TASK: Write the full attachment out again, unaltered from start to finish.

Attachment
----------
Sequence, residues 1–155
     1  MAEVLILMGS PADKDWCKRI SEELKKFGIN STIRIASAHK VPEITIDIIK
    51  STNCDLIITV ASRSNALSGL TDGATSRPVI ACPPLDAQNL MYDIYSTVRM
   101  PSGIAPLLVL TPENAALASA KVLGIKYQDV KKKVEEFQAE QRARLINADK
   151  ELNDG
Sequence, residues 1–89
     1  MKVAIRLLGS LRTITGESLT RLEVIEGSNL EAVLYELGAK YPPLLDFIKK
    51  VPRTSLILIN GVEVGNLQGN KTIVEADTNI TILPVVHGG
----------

Sequence, residues 1–155
     1  MAEVLILMGS PADKDWCKRI SEELKKFGIN STIRIASAHK VPEITIDIIK
    51  STNCDLIITV ASRSNALSGL TDGATSRPVI ACPPLDAQNL MYDIYSTVRM
   101  PSGIAPLLVL TPENAALASA KVLGIKYQDV KKKVEEFQAE QRARLINADK
   151  ELNDG
Sequence, residues 1–89
     1  MKVAIRLLGS LRTITGESLT RLEVIEGSNL EAVLYELGAK YPPLLDFIKK
    51  VPRTSLILIN GVEVGNLQGN KTIVEADTNI TILPVVHGG